Army Launches Major Offensive along Damascus Airport Road as Aleppo Raid Kills 15إقرأ هذا الخبر بالعربية
Most communications were down in Syria on Thursday evening as regime troops launched a major offensive in southeastern Damascus along the airport road, monitors said.
The army attacked rebel strongholds in a string of towns along the highway and near the airport, Syrian Observatory for Human Rights director Rami Abdel Rahman told Agence France Presse by phone. State media also reported operations in the area.
The fighting, which came after Internet links went down across most of Syria, caused EgyptAir and Emirates to announce the cancellation of flights to Damascus.
The heaviest clashes erupted between troops and rebels in the towns of Babila and Hujaira southeast of the capital and in Harran al-Awamid, just east of the airport, the Observatory said, adding that army reinforcements had been sent to the area.
Official media also reported operations in the province and said several members of an "armed terrorist group, Al-Nusra Front" had been killed in the town of Aqraba.
The army also went on the offensive across the eastern outer belt of the capital, notably in the towns of Harasta and Douma and in Eastern Ghouta, the Observatory said.
Technology companies which monitor web traffic reported Thursday that Syria was effectively cut off from the Internet.
Akamai, one of the firms which monitors global traffic, said traffic stopped from 1026 GMT, and that this supports the observation from another IT firm, Renesys, "that Syria is effectively off the Internet."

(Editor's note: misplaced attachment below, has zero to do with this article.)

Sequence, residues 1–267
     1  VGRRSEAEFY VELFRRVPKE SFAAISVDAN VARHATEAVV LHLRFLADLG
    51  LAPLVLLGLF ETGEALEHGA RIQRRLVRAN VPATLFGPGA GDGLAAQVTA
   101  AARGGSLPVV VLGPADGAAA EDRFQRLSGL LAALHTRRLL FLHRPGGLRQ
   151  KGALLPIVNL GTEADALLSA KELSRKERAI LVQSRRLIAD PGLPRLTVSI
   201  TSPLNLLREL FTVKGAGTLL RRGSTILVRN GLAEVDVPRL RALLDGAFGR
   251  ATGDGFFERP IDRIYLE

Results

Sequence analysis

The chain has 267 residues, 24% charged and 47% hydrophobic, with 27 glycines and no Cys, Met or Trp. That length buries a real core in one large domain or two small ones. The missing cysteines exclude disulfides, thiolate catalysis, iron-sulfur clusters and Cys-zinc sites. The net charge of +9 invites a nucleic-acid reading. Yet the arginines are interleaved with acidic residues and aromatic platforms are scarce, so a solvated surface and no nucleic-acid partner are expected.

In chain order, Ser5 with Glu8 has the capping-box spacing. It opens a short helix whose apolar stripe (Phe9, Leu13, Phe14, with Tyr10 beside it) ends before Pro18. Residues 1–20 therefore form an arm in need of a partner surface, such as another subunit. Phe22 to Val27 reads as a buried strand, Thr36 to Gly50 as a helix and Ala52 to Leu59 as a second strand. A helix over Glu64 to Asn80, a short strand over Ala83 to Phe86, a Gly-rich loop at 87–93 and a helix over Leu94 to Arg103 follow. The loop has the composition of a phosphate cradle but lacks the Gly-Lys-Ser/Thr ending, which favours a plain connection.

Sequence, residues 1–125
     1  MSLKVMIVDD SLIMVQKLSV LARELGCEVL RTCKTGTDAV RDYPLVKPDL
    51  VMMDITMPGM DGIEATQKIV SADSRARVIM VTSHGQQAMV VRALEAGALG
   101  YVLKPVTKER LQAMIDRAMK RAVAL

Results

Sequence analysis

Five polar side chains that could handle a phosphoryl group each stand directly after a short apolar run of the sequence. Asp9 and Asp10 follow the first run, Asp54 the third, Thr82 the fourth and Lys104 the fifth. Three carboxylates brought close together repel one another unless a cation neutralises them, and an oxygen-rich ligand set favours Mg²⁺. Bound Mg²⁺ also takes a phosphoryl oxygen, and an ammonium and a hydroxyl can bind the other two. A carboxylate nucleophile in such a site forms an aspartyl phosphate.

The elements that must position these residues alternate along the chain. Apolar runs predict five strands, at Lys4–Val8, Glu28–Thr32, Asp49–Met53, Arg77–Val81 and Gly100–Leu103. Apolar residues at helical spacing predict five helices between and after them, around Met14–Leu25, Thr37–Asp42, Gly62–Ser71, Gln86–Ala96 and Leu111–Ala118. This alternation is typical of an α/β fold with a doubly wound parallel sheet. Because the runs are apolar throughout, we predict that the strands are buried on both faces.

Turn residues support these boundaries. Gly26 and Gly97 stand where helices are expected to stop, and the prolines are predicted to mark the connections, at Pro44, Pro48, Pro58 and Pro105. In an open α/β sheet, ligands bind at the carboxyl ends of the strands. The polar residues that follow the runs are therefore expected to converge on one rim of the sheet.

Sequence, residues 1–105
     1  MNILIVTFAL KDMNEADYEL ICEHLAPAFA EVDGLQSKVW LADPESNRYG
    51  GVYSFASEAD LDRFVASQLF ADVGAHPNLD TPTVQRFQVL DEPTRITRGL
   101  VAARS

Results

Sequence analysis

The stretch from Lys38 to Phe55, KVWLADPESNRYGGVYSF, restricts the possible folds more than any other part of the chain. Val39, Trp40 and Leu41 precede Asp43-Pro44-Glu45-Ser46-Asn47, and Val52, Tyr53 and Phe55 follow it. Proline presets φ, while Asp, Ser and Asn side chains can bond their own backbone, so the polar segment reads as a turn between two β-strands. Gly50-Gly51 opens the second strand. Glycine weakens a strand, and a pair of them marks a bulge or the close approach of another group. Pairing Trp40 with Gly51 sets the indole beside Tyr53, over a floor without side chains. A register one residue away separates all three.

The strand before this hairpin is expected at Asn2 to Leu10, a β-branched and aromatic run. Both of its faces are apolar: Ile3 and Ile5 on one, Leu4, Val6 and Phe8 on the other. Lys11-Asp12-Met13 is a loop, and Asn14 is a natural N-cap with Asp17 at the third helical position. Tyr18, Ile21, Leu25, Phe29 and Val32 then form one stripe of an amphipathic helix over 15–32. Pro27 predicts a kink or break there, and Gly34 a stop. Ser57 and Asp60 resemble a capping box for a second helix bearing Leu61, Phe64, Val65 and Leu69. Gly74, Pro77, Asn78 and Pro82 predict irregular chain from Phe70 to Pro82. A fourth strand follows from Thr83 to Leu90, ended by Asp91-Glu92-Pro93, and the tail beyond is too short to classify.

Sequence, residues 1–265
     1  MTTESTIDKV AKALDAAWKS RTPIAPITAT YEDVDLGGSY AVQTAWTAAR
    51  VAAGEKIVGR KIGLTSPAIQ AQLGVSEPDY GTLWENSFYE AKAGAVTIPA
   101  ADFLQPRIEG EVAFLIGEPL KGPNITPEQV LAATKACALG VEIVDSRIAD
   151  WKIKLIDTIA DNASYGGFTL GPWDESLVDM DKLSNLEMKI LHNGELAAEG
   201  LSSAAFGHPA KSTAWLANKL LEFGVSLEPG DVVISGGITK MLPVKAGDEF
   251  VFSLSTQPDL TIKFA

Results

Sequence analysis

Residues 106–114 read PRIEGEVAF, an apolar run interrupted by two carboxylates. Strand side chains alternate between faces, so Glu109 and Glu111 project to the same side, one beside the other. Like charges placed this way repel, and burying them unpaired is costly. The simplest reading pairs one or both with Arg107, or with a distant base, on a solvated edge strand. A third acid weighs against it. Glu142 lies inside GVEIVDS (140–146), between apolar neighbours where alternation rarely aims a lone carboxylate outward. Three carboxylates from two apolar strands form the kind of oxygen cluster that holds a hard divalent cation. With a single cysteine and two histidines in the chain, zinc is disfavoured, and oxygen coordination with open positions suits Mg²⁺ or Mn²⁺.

According to activists, sudden communication cuts regularly occur before major military offensives.
An EgyptAir official in Cairo said the airline had canceled its Friday flight to Damascus because of deteriorated security at the airport and a breakdown in communication with its office there.
In Dubai, Emirates said it suspended flights to Damascus after the airport road was blocked by the clashes.
"Emirates has suspended all flights to and from Damascus effective immediately and until further notice," a spokesperson for the company said.
Regime forces have regularly carried out air strikes on this area, in an attempt to dislodge rebels from their rear bases in the orchards on the outskirts of the capital.
The goal of the army is to take full control of the capital and a radius of eight kilometers (five miles) around it, a Syrian security official told AFP.
The authorities in the morning closed the airport road, located 27 kilometers (17 miles) from the center of Damascus, and which passes through the embattled Eastern Ghouta region.
A regime air strike on the northern city of Aleppo, meanwhile, killed at least 15 civilians, said the Observatory.
US technology companies Akamai and Renesys which monitor web traffic said the war-torn country was cut off from the Internet from 1026 GMT.
"In the global routing table, all 84 of Syria's IP address blocks have become unreachable, effectively removing the country from the Internet," said Renesys.